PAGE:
“Oh,” Kanmuri said. “You’re finally here. That took a while. Is Azuma close behind?”
That was it, Kawachi thought. He opened his mouth to deliver the tongue-lashing of the decade, except that he found himself completely empty of words. Instead he gaped a little like a fish, growled very manfully and not at all like a little boy whimpering, and put forth a great effort towards standing still and regaining his calm before deciding it wasn’t worth it and rushing outside.
“Hello,” said a man who looked rather American and certainly had not been standing outside the mouth of the cave before. “Are you looking for your friend? My name is Kid, and I can help you.” Ordinarily Kawachi would be even a little bit suspicious, but it was cold and he was tired and he couldn’t find Azuma, so he just nodded.
“Then follow me,” the man said, and so Kawachi did, up and down and around the mountain, into a pathway that he totally wouldn’t have seen on his own, through one cave-like passage and back out, all the way to a patch of melted snow not quite frozen into ice yet. Of course, thought Kawachi, Azuma and his hands.
Kid had mysteriously disappeared.
Kawachi was all set to do something cool - kick Azuma in the head and wake him up and save him from the brink of death or something, but Kanmuri interrupted him. What? Kanmuri? Where had he come from?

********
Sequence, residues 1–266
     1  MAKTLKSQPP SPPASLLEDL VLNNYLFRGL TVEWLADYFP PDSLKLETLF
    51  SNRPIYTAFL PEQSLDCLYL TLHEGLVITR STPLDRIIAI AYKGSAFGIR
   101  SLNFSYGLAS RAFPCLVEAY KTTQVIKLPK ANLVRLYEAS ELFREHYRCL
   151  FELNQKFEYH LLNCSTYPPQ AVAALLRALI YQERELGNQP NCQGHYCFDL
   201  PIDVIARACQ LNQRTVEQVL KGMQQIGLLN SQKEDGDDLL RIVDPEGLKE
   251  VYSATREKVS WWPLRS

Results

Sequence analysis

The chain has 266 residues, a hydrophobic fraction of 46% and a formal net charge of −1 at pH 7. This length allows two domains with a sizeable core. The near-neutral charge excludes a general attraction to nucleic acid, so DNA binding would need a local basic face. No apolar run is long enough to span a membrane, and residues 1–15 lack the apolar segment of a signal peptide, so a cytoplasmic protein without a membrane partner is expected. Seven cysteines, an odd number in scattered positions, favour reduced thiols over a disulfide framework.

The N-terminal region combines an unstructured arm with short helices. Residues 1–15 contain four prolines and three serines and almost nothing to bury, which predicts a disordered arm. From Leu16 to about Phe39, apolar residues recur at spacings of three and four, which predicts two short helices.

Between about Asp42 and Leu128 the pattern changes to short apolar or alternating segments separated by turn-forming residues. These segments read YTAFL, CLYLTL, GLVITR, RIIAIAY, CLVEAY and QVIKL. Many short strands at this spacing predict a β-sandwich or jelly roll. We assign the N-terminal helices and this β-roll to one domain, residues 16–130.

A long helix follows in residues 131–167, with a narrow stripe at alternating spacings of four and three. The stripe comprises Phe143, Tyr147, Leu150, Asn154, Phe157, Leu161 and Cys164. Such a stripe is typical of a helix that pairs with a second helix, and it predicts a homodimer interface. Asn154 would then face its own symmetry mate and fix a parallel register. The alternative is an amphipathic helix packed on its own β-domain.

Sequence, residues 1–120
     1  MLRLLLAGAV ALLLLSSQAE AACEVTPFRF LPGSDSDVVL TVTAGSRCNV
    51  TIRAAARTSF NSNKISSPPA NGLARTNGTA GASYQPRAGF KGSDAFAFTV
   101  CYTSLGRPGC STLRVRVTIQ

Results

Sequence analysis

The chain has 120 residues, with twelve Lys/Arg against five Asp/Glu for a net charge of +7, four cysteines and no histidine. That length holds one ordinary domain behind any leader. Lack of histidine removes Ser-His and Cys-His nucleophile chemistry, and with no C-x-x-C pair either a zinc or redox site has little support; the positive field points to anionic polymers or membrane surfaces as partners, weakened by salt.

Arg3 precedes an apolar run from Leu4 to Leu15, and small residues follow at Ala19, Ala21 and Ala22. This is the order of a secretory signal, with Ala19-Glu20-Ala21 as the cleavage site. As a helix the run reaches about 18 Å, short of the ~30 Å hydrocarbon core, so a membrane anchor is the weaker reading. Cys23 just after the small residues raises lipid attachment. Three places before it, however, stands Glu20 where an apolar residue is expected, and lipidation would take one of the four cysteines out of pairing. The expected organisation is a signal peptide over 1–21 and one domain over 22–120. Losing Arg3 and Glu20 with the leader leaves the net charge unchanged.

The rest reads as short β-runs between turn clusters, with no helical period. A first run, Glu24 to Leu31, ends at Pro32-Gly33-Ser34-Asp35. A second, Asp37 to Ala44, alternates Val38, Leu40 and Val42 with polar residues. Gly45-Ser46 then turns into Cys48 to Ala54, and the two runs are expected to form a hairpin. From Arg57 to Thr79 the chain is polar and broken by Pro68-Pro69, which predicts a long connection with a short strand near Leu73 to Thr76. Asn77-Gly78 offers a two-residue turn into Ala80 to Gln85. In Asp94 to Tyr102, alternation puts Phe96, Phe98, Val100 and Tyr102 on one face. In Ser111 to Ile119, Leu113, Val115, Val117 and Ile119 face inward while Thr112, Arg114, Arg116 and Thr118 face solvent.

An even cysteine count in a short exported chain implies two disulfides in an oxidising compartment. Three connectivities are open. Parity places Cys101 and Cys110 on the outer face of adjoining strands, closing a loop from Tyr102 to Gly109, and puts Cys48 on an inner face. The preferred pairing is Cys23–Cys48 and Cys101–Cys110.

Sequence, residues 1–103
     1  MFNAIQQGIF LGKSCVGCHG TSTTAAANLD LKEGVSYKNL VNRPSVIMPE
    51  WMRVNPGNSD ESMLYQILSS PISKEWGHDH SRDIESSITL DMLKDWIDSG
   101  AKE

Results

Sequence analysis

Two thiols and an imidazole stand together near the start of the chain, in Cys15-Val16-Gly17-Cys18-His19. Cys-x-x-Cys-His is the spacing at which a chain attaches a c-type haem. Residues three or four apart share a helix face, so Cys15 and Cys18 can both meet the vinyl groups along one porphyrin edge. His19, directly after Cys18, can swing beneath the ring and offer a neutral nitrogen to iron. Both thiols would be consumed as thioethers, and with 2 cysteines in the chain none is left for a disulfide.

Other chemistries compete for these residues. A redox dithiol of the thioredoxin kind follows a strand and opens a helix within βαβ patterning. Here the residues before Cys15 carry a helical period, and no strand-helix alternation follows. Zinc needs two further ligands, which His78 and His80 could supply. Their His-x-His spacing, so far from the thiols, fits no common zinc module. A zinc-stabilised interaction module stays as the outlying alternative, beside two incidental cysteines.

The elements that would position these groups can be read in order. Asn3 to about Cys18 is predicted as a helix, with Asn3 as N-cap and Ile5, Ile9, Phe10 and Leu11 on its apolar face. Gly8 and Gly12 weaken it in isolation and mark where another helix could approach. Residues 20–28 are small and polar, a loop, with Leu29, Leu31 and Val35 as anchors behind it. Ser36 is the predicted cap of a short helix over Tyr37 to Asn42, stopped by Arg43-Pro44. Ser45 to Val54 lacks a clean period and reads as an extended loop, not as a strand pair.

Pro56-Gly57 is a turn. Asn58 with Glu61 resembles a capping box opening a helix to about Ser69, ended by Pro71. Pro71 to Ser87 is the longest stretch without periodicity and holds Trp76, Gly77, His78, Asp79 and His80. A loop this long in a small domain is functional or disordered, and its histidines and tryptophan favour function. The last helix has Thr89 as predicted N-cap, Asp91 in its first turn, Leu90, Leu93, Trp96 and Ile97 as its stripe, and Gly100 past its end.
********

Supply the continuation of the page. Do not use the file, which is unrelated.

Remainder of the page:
“We followed you,” Kanmuri said, even though Kawachi didn't think he'd answered out loud. He reached his arm out backwards to point at the mass of people behind. “They’ll be here in a minute – some of the stronger ones are helping the slower runners, so they’re running a bit slower than I am. You didn’t really give us very much notice.” He stopped, waiting as if Kawachi was supposed to provide some sort of explanation here, but hell no Kawachi wasn’t. Kanmuri seemed content enough with this as he picked back right up again after a few seconds pause.
“Kinoshita showed up after Azuma’d gone running off, and it didn’t look like Azuma’d succeeded the first time, so we tried injuring him. Just a little nick, but it didn’t do anything. So we figured we’d gotten the message wrong, and we went on to our second guess, which… wasn’t all that intuitive. And we had to wait for you and Azuma to get back. But it was our only second guess, and so…” Kanmuri’s words were trailing off a little, the words seeming to blur together in a squishy sort of mumble, like Kawachi’s baguettes on a bad day. The rest of the pack seemed to be catching up, and the mountains seemed to be shifting, going from a dull brown-grey to a dirty supply-room concrete, but Kawachi knew this supply room, and this was good, this was the Pantasia Southern Branch Store, this was home.
“We must have found it,” Kanmuri was saying. “I guess it means that now we’re all together.”